After a brief conference between the other cell leaders, it was agreed that a message had to be transmitted off-world, to the UCM. The scout ship was surely long gone by this point, but if a message requesting help could be sent into space, on the same frequency, then there was a chance the colonies would hear it.

It was a chance that they all agreed was worth it.

As the most strategically gifted, and in command of the largest cell (actually, more of an army), Maria had been nominated to lead the attack by the other cell leaders. She had accepted the nomination, even though she knew the reasoning – as the leader of the largest resistance force, she had been a natural rival to the other bands roaming the wastes. Either she would succeed in the assault – bringing the UCM to the planet, giving them all an opportunity to retake their world – or she would fail and lose the majority of her soldiers.

Either way, the Owl of Vritra would no longer be a problem in the eyes of the other cells. It was unbelievable that even now some people were more concerned with their personal standing than the liberty of their planet.

Maria grimaced as she slowly stood up, wincing as her leg muscles protested after such a long period of inactivity. The plan she had drawn up was solid, she knew that. Yet she still poured over the charts and reports, scrutinised the few maps they had. The coming attack would reap a bloody tally on her forces, of that there was no question. Even after days of planning and tweaking, she was still looking at a projected 70% casualty rate. And that's if everything went as well as she expected it to. If things went smoothly, then that amount would drop to only about 50%. If things went bad for any reason, that number would leap up to 85%.

Poor odds, but they had no choice. It had taken them months to find and fix up every last piece of hardware they could get their hands on – every last vehicle and gun the cells could find had been gathered deep under the Rajalayas, stockpiled for this day.

Less than three hours to go.

Maria Semyonov sighed and rolled her shoulders before walking over to the old couch that doubled as her bed. She lay down and closed her eyes. Sharpe would alert her when there was only an hour left. Until then, she would get some rest. She had done all she could.


The disk had played through about thirty songs by the time Arjit made it to Outpost Nineteen. On the way, he had managed to join up with a pack of trucks heading in the same direction, shadowed by a pair of AH-16 Cyclone gunships. Arjit had let loose an appreciative whistle at the sight of the rotorcraft – it had been a long time since he had ever seen anything in the sky that wasn't Scourge.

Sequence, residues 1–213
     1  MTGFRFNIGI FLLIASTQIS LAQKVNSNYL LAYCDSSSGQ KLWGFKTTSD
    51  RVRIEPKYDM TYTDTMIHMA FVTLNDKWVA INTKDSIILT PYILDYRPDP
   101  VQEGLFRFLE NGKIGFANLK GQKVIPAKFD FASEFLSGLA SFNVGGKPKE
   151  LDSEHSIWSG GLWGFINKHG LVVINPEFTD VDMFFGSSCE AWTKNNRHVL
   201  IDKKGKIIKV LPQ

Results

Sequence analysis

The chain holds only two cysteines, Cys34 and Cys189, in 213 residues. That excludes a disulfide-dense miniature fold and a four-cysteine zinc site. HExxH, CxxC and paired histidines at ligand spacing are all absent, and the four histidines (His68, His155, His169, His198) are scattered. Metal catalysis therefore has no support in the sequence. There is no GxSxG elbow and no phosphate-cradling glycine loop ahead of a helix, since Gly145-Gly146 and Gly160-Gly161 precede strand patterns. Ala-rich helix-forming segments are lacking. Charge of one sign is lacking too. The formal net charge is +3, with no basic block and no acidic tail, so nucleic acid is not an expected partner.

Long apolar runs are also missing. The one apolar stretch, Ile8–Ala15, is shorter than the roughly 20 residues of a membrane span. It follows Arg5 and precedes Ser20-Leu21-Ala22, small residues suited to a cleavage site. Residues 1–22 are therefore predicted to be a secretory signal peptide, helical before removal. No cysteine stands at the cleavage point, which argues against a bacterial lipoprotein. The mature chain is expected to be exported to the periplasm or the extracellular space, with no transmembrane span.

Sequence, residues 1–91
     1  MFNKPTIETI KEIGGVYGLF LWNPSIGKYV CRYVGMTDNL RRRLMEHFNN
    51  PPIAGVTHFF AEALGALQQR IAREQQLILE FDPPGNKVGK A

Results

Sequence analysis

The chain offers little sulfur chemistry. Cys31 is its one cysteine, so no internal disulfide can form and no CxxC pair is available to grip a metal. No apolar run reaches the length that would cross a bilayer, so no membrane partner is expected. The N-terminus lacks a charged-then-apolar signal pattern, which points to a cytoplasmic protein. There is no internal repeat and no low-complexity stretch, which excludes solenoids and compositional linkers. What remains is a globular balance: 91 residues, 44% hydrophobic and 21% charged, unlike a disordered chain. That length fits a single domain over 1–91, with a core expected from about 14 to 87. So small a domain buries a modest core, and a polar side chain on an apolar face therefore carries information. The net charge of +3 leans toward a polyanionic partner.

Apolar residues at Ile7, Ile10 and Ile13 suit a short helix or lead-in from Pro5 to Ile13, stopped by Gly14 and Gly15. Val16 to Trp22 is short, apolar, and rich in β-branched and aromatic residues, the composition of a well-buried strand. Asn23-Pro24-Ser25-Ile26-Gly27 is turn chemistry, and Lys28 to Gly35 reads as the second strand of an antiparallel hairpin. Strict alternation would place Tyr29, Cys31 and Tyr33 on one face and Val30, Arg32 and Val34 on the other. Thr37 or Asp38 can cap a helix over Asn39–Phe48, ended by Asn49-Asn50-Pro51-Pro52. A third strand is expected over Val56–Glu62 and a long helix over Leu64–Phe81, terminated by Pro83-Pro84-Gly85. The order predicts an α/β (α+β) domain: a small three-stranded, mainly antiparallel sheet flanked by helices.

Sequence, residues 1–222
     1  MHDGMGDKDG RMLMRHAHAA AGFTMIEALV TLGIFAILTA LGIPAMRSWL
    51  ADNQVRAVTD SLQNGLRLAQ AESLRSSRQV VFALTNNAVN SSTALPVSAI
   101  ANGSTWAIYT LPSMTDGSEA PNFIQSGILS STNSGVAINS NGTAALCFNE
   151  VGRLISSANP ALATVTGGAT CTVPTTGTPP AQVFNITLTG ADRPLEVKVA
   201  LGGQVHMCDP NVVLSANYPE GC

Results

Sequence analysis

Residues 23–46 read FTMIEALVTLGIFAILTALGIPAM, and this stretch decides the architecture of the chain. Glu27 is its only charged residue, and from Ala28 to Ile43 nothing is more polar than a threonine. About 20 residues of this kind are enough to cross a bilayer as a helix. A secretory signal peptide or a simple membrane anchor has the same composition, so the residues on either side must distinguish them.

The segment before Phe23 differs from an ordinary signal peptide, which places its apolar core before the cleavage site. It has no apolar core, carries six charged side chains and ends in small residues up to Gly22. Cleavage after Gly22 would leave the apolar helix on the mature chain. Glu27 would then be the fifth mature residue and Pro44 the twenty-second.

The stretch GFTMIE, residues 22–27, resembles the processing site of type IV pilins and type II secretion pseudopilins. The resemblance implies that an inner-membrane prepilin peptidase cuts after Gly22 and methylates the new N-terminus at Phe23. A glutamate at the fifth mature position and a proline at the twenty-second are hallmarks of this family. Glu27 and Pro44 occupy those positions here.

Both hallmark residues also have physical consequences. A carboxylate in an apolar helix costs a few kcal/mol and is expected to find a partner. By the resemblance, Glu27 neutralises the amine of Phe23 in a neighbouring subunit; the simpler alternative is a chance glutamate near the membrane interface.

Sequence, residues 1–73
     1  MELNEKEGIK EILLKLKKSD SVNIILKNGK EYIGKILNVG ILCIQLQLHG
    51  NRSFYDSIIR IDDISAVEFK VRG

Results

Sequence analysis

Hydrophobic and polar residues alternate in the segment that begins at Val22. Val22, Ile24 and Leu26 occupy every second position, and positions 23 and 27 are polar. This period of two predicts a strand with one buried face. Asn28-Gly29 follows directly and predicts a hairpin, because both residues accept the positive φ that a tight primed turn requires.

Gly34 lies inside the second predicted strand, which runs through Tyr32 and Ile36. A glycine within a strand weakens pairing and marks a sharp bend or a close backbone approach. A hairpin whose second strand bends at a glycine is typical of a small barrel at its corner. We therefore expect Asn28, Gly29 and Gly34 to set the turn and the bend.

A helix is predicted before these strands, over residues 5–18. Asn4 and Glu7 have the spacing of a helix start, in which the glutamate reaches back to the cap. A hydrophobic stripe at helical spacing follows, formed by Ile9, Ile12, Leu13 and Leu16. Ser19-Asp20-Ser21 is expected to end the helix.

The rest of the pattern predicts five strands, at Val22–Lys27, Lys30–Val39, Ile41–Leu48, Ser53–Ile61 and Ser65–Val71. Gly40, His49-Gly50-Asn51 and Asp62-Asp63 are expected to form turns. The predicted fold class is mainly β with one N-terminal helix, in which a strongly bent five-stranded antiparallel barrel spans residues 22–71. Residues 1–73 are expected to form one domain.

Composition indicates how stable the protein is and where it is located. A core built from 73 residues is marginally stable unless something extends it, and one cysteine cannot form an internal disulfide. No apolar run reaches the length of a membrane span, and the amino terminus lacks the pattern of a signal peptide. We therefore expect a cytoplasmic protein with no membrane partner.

He had heard that some of the gangs that roamed furthest from the city and the mountains still had a few such aircraft, the Scourge content to let them be as long as they kept to themselves. Exactly how the Owl had managed to acquire their services eluded Arjit, but then again that was why she was in charge – she had a knack for pulling off the unlikely.

The blaring of a horn startled him from his thoughts. Glancing around, he noticed what the convoy had – another plum of dust being kicked up into the air, some thirty miles to the east of them. Another band heading towards Outpost Nineteen. They were only a few minutes away now, the structures of the oil field hazily materializing on the horizon. Outpost Nineteen was one of the few still functioning oil fields in the wastes not taken over by the Scourge. During the initial invasion over a century ago, some quick thinking administrator in New Horizon deleted much of the records listing the various oil fields, refineries and quarries scattered across the planet.

Places which became safe havens once New Horizon fell to the aliens.

Over the years, a fair few were rediscovered by the invaders, the small communities that had formed around them swiftly enslaved or killed. The facilities were then repurposed to supply the aliens, slowly starving the resistance of resources. As supplies became scarce, many bands formed around the remaining outposts, some of which engaged in raiding one another to supplement their own produce. The Salt Flat Saints, a horde of bikers who roamed the dried out sea to the west of New Horizon, were a group which survived entirely through raiding outposts, ever since they lost their iron mine to a Scourge patrol some thirty years ago.

Outpost Nineteen was part of the Flock – the small army that had formed around the woman known as the Owl. A month ago a call had come, broadcast over all resistance channels requesting assistance in an operation to summon help from off-world. Arjit remembered hearing stories about some kind of message having been received from a human starship, but he had been busy repairing his technical at the time and had missed it himself.